Up to the present time, the Emperor Nicholas has been visibly protected by Providence. He has enjoyed the most complete domestic happiness that it ever fell to the lot of a human being to know. Father of a numerous family, he has had the rare good fortune of seeing it grow up, and of keeping it near his own person. He has been successful in the government of his vast empire. This extraordinary man seems to be beyond the reach of misfortune. But there is, however, one black spot in his existence which exasperates him: be cannot resist the effects of the sea! What is most extraordinary, too, is that he has never embarked in a Russian bark or ship, for a pleasure trip or a voyage, without being assailed by the most horrible tempests,
or winds violent enough to sink the strongest ship. Tossed about, shattered, disfigured and almost broken to pieces, the vessels on board of which he has been, have, in spite of all this, succeeded in reaching port. But does not this perseverance on the. part of fate to pursue him, this furious commotion of the ocean, whenever he has had to traverse it, seem like an energetic protestation on the part of Neptune against the favourite whim of the Russian government to create a navy ?

This fact is so well known to Russians, that none of the members of his family or his household ever like to accompany him; they only do so with the greatest reluctance. He knows the repugnance of his favourites for a voyage or pleasure trip by sea, and takes a malicious delight in ordering the attendance of those who are the most timid.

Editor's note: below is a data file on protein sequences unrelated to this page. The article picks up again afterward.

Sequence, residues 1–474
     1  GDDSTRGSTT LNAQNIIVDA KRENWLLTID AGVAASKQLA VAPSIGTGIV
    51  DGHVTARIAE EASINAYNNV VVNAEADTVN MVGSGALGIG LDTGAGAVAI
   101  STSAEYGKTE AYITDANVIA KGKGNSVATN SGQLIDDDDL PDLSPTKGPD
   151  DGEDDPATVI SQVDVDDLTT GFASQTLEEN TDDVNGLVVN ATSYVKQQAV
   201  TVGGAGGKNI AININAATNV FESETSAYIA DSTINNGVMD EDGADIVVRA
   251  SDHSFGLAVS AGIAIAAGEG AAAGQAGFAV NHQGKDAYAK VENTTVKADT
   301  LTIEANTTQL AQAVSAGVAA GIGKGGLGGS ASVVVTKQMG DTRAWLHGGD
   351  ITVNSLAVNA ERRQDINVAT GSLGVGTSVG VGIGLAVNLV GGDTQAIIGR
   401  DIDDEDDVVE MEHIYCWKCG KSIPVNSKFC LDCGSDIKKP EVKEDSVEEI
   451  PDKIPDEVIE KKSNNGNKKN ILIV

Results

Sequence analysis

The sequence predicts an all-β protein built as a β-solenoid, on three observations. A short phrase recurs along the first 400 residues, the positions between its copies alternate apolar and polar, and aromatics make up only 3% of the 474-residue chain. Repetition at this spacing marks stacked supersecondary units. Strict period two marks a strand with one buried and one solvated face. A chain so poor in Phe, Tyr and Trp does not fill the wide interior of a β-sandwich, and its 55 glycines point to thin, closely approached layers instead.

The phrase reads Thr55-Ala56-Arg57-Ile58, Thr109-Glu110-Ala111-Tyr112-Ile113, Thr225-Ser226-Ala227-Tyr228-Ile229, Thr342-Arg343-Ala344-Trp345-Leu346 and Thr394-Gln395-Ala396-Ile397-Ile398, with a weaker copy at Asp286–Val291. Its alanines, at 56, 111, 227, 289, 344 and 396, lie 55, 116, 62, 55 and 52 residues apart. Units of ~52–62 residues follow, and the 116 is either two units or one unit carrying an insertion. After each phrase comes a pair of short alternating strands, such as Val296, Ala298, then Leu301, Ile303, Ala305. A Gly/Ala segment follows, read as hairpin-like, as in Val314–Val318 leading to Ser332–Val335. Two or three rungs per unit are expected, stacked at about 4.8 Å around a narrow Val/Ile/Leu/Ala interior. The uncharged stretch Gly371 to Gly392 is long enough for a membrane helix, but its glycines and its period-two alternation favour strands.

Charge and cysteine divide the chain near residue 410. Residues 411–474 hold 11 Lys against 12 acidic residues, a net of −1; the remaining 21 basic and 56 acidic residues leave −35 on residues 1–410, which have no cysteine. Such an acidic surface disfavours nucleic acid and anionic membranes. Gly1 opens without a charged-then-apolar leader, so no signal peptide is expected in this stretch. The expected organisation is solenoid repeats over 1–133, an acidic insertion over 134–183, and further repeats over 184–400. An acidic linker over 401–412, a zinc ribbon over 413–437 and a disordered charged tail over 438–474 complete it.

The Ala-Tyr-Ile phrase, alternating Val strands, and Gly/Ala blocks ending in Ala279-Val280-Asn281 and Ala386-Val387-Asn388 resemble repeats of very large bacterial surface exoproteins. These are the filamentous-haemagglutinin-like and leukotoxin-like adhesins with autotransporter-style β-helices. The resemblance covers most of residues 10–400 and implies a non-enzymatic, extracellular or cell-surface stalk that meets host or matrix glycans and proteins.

Half his life may truly be said to have been spent upon the high roads of his vast empire, and those of Europe. He likes to travel fast. In Russia, when sledging has once really commenced, he never goes at a rate of less than four leagues an hour. This extraordinary speed has caused him more than one fall, and more than one accident. On one occasion, for instance, between Moscow and Novgorod, his sledge, being run away with by some fiery horses of the Steppes, capsized in a deep ravine, and the Czar was taken up with a broken clavicle.


Whenever the Emperor Nicholas is called upon to administer justice, his decisions are stamped with the most religious impartiality. In one of the early years of his reign, a young girl of illustrious family became deeply enamoured of a young officer of the noble-guards. As the consent which she solicited was refused with a degree of obstinacy that was perfectly unjustifiable, she fled from the paternal roof, and got secretly married. She was a minor; and her family, which was the most important in the province, as much by the austerity of its morals, as by its immense fortune, and the influence derived from science, merit, and a high official position, demanded the punishment of the seducer. It required the most terrible chastisements - - the knout, the whip, the rod, or, at least, Siberia-in a word, nothing was horrible enough in its eyes for so atrocious a case. The Czar would not listen to all these complaints. A scandalous offence had, it is true, been committed, but it had been instantly atoned for. Besides, the young man was of as good a family as his youthful bride, and the Czar thought that they ought to be left alone. The complaints and clamour of the family, however, increased, until, at last, the Czar, whose patience was completely exhausted, replied personally to the mother of the young bride:-" Well then, Madam, be it so; I will punish them, I will make an example. The young count shall go and find a certain death in the army of the Caucasus, and your daughter shall be sent to end her days. in a convent." This menace, which he most certainly did not intend to put into execution, had all the success he expected, nor did he cease to exert himself until he had prevailed upon the young lady's family to pardon and forget her error.